(Illumina catalog # MS-102-2001), following the manufacturer’s instructions. The frequency of identified reads per index was used to adjust individual samples concentration in the pool. The re-adjusted pool was then re-Bioanalyzed and rerun on the MiSeq using the same kit and protocol. The same process of re-adjusting the pool with the new set of MiSeq index data and validation with the Bioanalyzer was performed before running the pool on the Illumina HiSeq 2500 System. The 18pM denatured library with 1% Phix spike-in was clustered on the cBot with the HiSeq PE Cluster Kit v4 (Illumina catalog # PE-401-4001), following Illumina’s HiSeq and GAIIx Systems Denature and Dilute Libraries Guide, and cBot System Guide, and run on the HiSeq with the HiSeq SBS Kit v4 (Illumina catalog # FC-401-4002), following the HiSeq 2500 System Guide.
Reads were first quality control-filtered and trimmed by using trimmomatic. Paired reads were aligned to the human reference genome (V38.79) by using STAR software (version 2.5.0c). Counting of reads involved use ofHTSeq.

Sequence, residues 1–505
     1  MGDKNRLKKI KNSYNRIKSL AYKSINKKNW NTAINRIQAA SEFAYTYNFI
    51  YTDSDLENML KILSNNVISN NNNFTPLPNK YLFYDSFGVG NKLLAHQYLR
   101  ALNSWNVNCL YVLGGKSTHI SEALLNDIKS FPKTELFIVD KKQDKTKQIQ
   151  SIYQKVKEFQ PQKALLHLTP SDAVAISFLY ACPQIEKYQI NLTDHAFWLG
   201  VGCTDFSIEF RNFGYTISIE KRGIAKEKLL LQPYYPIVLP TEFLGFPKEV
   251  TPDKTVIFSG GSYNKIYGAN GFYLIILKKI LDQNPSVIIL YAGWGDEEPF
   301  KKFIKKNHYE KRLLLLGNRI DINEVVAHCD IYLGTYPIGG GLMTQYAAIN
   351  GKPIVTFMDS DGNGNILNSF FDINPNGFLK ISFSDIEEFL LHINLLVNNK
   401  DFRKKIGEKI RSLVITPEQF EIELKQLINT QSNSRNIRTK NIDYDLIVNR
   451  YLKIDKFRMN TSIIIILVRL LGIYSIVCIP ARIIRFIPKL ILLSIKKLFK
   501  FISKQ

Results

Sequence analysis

The Interferome v2.01 database was used to identify and characterize interferon (IFN)-induced genes. Functional enrichment analysis of differentially expressed genes was performed for genes with absolute expression fold change ≥ 1.5, by using Ingenuity Pathway Analysis software (Qiagen). Volcano plot representation were performed by using R software and multidimensional scaling representations were generated using the SVD-MDS method.
Data are available upon reasonable request.
PCR validation of the differentially expressed genes
To confirm the results of RNA-seq on sorted cells, the residual complementary DNA (cDNA) were transferred to a 48.48 Dynamic Array primed chip, and real-time PCR (RT-PCR) was run according to the Fluidigm protocol. The primers tested are in Table S2. Data were analyzed by